PORTLAND, Ore. (KOIN) — If you would’ve told West Linn starting running back Koffi Kouame six years ago that he would end up winning a football state championship in Oregon, he would’ve been a bit puzzled.

For starters, that would’ve meant soccer to him.

“When I got here, I didn’t know English still, so I had to learn it really quick,” recalled Kouame, who grew up speaking French. “I just went to school and would sit in the class while everyone was speaking English, and I had no idea what everyone was talking about.”

For the first 12 years of his life, Kouame and his three siblings were raised in Ivory Coast, Africa by their grandmother with the financial support of their aunt and uncle in Portland.

Then he received the surprise of a lifetime.

“One day she came up and she said she wanted to bring us to America,” said Kouame of his aunt, Sopie. “I couldn’t really believe it. It was the most exciting news I ever heard in my life.”

Understandably, the transition from Africa to Oregon wasn’t always the smoothest.

“My first winter here was terrible,” said Kouame. “I was freezing. I’d wear like five layers to go to soccer practice. People would look at me like I was crazy.”

“I first tasted a burger in New York. I was just threw it in the garbage. I didn’t really like it,” said Kouame with a big laugh.

Overall though, he was able to shift over to American life. Then, two years in, came football.

“My freshman year in Beaverton, I decided to go tryout. I had no idea what was going on. There were so many stations. I had to move from here to here and I had no idea where to go,” said Kouame.

Kouame took an interest in the sport after watching his younger brother play, and with the help of some famous faces.

“I wanted to play running back because I’d been watching Alvin Kamara and Saquon Barkley. I was like, ‘Oh, I really, really want to be like them,’” said Koffi.

Koffi’s vision was spot on.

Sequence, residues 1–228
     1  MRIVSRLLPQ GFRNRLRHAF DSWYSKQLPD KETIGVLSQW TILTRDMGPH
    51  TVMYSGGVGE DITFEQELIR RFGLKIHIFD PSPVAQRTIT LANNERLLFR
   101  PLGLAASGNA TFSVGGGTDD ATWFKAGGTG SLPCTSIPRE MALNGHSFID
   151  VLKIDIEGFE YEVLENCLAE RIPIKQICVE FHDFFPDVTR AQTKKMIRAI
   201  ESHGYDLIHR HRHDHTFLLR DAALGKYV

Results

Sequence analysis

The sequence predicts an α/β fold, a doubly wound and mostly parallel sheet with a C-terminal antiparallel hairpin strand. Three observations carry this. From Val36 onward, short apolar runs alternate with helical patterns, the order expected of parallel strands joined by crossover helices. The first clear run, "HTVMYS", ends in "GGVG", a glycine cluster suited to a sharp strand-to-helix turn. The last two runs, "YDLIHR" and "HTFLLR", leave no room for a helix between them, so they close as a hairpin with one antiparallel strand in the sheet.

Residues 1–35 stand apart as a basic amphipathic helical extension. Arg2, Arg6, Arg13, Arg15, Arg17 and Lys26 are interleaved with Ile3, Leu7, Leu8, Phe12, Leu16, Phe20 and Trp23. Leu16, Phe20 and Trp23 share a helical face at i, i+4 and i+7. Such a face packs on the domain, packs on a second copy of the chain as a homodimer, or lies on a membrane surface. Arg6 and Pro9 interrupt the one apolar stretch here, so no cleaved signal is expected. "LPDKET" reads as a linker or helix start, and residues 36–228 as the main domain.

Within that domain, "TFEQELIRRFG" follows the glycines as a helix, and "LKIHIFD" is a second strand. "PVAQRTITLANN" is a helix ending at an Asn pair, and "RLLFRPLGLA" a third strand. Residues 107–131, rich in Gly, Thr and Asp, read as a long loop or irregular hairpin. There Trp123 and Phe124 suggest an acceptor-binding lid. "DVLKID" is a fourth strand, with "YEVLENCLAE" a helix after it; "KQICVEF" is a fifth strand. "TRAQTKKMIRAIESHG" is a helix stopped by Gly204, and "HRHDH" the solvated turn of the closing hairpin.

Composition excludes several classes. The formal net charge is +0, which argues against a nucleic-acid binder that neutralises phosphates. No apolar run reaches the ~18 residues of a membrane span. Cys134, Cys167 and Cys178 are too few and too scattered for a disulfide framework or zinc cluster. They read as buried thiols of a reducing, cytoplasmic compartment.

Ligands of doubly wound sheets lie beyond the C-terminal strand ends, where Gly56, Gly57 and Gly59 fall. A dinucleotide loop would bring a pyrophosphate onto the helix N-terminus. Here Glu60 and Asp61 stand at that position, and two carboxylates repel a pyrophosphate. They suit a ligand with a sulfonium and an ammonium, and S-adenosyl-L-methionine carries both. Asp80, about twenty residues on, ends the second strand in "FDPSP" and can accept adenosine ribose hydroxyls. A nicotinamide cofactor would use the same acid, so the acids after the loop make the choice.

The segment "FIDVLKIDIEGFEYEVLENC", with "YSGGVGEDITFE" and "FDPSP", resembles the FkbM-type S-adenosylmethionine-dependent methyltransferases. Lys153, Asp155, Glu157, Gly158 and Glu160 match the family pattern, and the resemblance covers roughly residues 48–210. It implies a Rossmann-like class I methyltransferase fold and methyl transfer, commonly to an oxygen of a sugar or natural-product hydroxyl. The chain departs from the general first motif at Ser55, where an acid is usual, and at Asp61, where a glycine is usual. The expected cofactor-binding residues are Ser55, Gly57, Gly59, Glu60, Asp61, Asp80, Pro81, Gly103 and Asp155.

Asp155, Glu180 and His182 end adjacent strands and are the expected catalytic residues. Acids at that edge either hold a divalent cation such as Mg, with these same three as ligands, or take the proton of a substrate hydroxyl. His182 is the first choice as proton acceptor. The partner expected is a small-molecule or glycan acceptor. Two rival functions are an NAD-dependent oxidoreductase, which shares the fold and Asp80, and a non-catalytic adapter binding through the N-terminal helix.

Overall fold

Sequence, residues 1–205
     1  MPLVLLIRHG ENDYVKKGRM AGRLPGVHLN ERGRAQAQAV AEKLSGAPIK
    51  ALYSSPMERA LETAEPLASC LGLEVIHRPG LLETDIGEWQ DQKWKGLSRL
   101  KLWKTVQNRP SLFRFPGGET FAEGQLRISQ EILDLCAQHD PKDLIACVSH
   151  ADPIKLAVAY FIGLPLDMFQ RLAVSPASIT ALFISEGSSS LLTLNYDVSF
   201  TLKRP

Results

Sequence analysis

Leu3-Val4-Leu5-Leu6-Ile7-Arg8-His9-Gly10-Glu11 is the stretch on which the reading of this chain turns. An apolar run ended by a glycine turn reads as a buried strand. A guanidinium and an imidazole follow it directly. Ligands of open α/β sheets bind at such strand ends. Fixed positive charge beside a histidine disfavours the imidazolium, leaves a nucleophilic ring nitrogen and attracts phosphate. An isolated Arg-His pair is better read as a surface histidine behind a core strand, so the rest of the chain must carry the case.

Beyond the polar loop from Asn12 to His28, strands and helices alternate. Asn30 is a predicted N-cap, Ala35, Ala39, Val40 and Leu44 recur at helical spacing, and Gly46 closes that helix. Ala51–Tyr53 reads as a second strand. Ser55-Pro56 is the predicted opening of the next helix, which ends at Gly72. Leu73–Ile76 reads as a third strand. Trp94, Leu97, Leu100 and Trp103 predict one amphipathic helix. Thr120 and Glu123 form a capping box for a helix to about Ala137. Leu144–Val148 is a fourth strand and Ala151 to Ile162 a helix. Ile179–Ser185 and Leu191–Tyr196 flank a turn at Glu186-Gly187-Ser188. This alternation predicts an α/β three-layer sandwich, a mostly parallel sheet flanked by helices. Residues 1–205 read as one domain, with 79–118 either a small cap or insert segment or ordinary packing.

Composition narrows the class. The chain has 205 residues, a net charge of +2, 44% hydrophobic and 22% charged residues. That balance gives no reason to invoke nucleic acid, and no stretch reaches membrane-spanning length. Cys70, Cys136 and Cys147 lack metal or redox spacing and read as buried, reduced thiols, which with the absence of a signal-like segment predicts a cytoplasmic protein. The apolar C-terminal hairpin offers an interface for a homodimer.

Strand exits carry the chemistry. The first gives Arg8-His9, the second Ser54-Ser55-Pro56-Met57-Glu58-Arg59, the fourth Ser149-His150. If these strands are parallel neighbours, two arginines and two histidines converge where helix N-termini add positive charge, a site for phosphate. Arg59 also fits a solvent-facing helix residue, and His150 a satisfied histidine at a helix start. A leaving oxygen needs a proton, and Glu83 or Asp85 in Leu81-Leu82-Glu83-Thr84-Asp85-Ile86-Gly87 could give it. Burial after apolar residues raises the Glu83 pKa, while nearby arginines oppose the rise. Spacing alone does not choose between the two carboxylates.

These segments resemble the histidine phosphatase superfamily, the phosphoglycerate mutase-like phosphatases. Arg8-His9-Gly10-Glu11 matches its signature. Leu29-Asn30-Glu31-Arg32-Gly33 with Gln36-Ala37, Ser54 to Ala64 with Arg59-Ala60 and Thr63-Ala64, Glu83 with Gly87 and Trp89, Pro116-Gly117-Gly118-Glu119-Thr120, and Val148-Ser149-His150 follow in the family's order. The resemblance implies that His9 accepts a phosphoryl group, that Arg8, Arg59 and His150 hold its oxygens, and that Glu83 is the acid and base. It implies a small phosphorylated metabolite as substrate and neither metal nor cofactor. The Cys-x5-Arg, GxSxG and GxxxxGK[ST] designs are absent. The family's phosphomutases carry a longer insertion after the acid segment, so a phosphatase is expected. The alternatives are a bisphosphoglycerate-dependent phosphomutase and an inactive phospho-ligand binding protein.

“I had no idea where I was going. They’d just give me the ball, and I’d just run because I was mostly faster than everybody else, so I’d just get the ball and run,” said Koffi.

He went from never playing the sport at the beginning of his freshman year to the varsity starting running back his sophomore year at Beaverton High.

His junior year brought another change, as he transferred to West Linn. The competition was much stiffer, but once again, Kouame prevailed.

“I started to outwork everyone because I really wanted to get better at it,” said Kouame. “During the offseason, all I would do every day is just wake up, eat, work on my craft, footwork, go back home, watch film, watch highlights of running backs that I really like to inspire me to work harder because compared to other running backs. They’ve been playing since second grade, so competing against them, I had to give everything I had.”

This season he was named a first-team All-Three Rivers League running back and last Friday, his high school career wrapped up with a state championship.

However, the lessons Kouame has learned along the way are way more valuable than the trophy he held up at the end of it all.

“It was tough, but I worked hard for it. That’s why they call it dedication and passion. If you really like something, you try to give your best to give all you have,” said Kouame.

Those are certainly words to live, and run, by.